Peco enlisted 2,100 more workers to restore power this month than it did after Sandy. The costs for transporting, feeding, and paying the out-of-town workers is the major reason why the recovery was more expensive.
Peco took six days to restore all customers after the ice storm, compared with eight days after Sandy.
The utility's performance, and its communications with customers, is still the subject of criticism from online commentators and writers of letters to the editor.
The Pennsylvania Public Utility Commission, which eventually will rule on how much of the costs Peco can recover in its rates, says it will review the utility's preparedness and response to the storm, including how it deployed equipment and personnel, and whether it had sufficient supplies on hand.
Peco, like most utilities, is required to prioritize outage repairs by the number of customers affected. The least-complicated repairs that affect the most customers get the highest priority.
Peco said 1,015 outages affected single customers, compared with 879 for Hurricane Sandy. Individual outages can take as much time to repair as outages affecting larger numbers of customers.
Peco was able to call on a legion of assistance from other utilities during the ice storm because the weather event was largely confined to Southeastern Pennsylvania. Peco deployed more than 6,800 workers during the ice storm recovery, compared with 4,700 in Sandy. In both storms, all but 1,200 workers were in the field.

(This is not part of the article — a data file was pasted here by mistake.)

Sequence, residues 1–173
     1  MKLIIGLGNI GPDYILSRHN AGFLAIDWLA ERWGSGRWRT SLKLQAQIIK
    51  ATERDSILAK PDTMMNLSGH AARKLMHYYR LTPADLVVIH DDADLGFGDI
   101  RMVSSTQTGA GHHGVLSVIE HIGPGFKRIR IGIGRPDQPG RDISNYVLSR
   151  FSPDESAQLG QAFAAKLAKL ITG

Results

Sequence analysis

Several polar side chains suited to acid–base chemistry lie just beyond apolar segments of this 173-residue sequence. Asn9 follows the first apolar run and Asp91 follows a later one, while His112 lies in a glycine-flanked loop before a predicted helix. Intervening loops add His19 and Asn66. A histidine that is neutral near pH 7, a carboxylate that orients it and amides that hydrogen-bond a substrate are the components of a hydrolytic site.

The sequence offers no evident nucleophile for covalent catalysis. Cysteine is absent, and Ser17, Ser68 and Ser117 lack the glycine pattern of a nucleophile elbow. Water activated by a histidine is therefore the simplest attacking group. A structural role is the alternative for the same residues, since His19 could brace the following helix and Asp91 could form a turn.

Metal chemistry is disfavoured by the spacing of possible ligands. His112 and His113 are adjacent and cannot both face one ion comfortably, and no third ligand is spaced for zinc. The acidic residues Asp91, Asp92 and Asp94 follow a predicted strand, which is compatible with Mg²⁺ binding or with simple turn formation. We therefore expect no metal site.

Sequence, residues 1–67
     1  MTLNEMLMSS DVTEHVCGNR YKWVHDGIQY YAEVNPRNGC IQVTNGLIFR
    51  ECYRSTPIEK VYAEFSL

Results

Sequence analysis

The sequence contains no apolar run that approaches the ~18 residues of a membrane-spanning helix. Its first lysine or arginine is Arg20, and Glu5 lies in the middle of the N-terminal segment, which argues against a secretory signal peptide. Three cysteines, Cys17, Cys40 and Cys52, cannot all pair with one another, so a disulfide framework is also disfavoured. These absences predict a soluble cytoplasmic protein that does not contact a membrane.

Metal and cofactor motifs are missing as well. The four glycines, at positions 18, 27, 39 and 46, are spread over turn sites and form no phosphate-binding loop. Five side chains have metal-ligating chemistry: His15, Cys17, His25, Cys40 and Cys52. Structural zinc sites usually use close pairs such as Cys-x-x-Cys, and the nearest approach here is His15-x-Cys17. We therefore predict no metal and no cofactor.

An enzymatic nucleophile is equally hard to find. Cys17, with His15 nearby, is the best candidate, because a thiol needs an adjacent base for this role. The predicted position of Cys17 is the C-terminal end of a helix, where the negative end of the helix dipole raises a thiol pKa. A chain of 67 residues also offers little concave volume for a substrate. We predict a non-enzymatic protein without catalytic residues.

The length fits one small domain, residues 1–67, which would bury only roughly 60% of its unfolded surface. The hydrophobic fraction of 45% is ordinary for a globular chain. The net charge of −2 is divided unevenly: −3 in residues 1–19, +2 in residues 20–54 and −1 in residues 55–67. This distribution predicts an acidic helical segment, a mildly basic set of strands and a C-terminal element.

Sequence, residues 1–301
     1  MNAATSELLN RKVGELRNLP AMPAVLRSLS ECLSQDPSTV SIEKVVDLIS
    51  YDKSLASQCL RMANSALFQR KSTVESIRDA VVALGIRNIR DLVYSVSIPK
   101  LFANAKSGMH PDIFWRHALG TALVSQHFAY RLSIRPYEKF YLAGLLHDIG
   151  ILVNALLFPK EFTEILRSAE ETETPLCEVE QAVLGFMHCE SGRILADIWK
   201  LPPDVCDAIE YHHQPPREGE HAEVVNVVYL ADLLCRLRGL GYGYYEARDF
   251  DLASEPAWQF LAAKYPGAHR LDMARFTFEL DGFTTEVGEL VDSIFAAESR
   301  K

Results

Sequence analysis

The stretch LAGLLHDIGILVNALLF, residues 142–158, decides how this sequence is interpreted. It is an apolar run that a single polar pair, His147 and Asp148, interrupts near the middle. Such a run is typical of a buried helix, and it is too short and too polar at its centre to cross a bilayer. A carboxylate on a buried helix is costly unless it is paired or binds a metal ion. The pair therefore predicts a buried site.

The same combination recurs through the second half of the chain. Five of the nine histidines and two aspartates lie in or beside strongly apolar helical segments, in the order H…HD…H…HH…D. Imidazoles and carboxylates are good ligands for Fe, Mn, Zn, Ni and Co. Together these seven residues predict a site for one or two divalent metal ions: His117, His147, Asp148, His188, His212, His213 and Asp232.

Peco's $72 million in Sandy recovery costs is lower than 2012 estimates because other storm-ravaged utilities enlisted some of the out-of-town workers after Peco released them and assumed their transportation costs.
Another aspect of Peco's preparedness that may come under review is its vegetation management program.
The company spends about $35 million a year on tree pruning and vegetation removal along 2,400 miles of overhead wires. Peco's schedule calls for its entire 13,500 miles of aerial wires to be visited by tree-trimming crews every five years.